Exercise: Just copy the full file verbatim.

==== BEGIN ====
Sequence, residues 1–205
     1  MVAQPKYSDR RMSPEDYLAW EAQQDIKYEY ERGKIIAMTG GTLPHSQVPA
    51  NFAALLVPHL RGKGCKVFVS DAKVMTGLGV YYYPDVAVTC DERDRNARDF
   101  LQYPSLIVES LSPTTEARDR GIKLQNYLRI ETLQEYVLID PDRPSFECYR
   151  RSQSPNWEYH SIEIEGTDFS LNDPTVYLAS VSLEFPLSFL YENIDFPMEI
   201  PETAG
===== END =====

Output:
Sequence, residues 1–205
     1  MVAQPKYSDR RMSPEDYLAW EAQQDIKYEY ERGKIIAMTG GTLPHSQVPA
    51  NFAALLVPHL RGKGCKVFVS DAKVMTGLGV YYYPDVAVTC DERDRNARDF
   101  LQYPSLIVES LSPTTEARDR GIKLQNYLRI ETLQEYVLID PDRPSFECYR
   151  RSQSPNWEYH SIEIEGTDFS LNDPTVYLAS VSLEFPLSFL YENIDFPMEI
   201  PETAG